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Browse Prior Art Database

Flexible Hardware Notification Mechanism

IP.com Disclosure Number: IPCOM000013474D
Original Publication Date: 2000-May-01
Included in the Prior Art Database: 2003-Jun-18
Document File: 4 page(s) / 73K

Publishing Venue

IBM

Abstract

A system is disclosed for communicating hardware notifications to firmware, which provides for arbitrary routing of notifications from multiple notifying agents, normally hardware engines, to multiple notified agents, each normally a microprocessor. As well as offering flexibility in the routing of notifications, the content of each notification can be defined by the system designer. The basic elements of the system comprise; a queue for each microprocessor, which collects notifications, pending processing by the associated microprocessor; one or more hardware agents, which each process work requests, and on completion of those work requests post a configured message to a configured address, the address corresponding to one of the aforementioned queues. The preferred embodiment of the queue uses a wrapping buffer located in memory (see Figure 1). It contains multiple elements, each 4 bytes long. Registers define the origin and length of the buffer. For the simplest hardware implementation, the buffer can be chosen from a range of sizes, each a power-of-2 in size, and the origin is chosen to be a whole multiple of the buffer size. A hardware engine manages the enqueueing and dequeueing of entries from the queue. The enqueue side comprises a enqueue pointer register which points to the next free entry, and a port register used to enqueue an entry. At system initialisation, the enqueue pointer register is set to point to the origin of the buffer. The port register is a write-only register, mapped to a fixed address. Any agent may issue a 32bit write to this register. In response to a write, the hardware stores the written value to the current memory location pointed to by the enqueue pointer register, and then advances the enqueue pointer register to refer to the next free entry. When the end of the buffer is reached, the hardware automatically wraps the pointer back to the beginning of the buffer.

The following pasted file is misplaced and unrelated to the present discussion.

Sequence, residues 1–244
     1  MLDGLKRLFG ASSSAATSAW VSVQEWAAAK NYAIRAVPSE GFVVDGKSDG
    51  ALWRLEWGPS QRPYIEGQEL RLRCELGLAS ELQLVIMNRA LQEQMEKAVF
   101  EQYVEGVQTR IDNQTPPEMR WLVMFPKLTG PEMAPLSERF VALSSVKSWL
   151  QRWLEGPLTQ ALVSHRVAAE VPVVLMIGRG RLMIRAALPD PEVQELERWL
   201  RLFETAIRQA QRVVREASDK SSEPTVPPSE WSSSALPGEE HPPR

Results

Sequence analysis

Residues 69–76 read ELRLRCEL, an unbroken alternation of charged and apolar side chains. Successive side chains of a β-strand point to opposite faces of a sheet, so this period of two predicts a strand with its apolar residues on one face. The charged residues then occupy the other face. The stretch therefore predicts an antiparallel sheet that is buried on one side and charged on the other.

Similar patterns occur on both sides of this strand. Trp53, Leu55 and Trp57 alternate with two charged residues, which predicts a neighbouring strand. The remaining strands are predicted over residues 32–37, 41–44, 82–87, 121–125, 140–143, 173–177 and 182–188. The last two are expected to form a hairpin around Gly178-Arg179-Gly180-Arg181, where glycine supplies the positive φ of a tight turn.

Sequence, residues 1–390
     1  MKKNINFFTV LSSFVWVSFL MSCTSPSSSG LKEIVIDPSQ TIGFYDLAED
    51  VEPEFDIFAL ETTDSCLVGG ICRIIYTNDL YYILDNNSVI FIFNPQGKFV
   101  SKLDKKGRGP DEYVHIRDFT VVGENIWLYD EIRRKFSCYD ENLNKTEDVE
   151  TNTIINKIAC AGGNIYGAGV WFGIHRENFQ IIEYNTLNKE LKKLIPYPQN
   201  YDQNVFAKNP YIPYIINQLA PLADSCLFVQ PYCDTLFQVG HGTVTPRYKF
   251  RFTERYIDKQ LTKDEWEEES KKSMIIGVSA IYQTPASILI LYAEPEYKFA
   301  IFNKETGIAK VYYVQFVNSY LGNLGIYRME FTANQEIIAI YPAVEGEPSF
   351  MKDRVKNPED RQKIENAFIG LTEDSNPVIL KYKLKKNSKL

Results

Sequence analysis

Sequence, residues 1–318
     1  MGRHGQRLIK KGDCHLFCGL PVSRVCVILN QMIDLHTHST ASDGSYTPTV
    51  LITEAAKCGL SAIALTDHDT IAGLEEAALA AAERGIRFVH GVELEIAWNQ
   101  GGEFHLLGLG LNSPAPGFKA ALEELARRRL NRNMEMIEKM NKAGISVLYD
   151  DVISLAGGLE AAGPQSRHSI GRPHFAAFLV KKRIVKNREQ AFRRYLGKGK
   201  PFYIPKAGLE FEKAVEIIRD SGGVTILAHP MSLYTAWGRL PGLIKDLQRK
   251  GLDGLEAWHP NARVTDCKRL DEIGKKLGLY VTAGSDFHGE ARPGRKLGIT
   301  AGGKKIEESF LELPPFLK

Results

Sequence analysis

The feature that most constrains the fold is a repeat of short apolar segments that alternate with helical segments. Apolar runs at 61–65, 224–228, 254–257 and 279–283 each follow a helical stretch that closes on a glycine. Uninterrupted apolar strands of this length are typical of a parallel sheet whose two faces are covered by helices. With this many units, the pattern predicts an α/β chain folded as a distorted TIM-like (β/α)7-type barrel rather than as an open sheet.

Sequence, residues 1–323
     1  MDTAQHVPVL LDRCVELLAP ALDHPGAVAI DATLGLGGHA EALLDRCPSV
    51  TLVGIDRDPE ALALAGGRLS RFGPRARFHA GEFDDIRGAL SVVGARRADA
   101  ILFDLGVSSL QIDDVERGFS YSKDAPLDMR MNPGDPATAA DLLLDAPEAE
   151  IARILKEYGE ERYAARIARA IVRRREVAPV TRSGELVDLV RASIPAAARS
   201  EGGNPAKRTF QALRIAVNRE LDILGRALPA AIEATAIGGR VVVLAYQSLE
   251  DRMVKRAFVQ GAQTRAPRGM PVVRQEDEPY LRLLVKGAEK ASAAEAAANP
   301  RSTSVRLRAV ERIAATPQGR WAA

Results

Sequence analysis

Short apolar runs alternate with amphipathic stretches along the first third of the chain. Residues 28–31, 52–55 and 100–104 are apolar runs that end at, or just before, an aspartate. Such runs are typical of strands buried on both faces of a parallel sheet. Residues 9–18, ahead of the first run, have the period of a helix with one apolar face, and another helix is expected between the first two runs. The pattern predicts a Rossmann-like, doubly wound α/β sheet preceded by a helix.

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Flexible Hardware Notification Mechanism

A system is disclosed for communicating hardware notifications to firmware, which provides for arbitrary routing of notifications from multiple notifying agents, normally hardware engines, to multiple notified agents, each normally a microprocessor. As well as offering flexibility in the routing of notifications, the content of each notification can be defined by the system designer.

     The basic elements of the system comprise; a queue for each microprocessor, which collects notifications, pending processing by the associated microprocessor; one or more hardware agents, which each process work requests, and on completion of those work requests post a configured message to a configured address, the address corresponding to one of the aforementioned queues.

     The preferred embodiment of the queue uses a wrapping buffer located in memory (see Figure 1). It contains multiple elements, each 4 bytes long. Registers define the origin and length of the buffer. For the simplest hardware implementation, the buffer can be chosen from a range of sizes, each a power-of-2 in size, and the origin is chosen to be a whole multiple of the buffer size.

     A hardware engine manages the enqueueing and dequeueing of entries from the queue. The enqueue side comprises a enqueue pointer register which points to the next free entry, and a port register used to enqueue an entry. At system initialisation, the enqueue pointer register is set to point to the origin of the buffer. The port register is a write-only register, mapped to a fixed address. Any agent may issue a 32bit write to this register. In response to a write, the hardware stores the written value to the current memory location pointed to by the enqueue pointer register, and then advances the enqueue pointer register to refer to the next free entry. When the end of the buffer is reached, the hardware automatically wraps the pointer back to the beginning of the buffer.

     The dequeue side comprises a dequeue pointer register, which points to the next entry which is to be consumed. At initialisation, it is set to point to the origin of the buffer also. The associated microprocessor, under software control, can read the value of the register to obtain the address, then read the indicated location in memory. Having consumed the entry, the microprocessor advances the pointer by adding 4 to the previous address, and then writes the new value to the dequeue pointer register. Hardware records the new pointer value, and when necessary takes care of wrapping the pointer back to the origin of the buffer. The microprocessor can consume more than one entry, by adding some multiple of 4 to the previous address, and storing this back to the dequeue pointer register.

     When the enqueue pointer register points to the same location as the dequeue pointer register, then the buffer is empty. When the enqueue pointer is more advanced than the dequeue pointer, then the buffer contains one...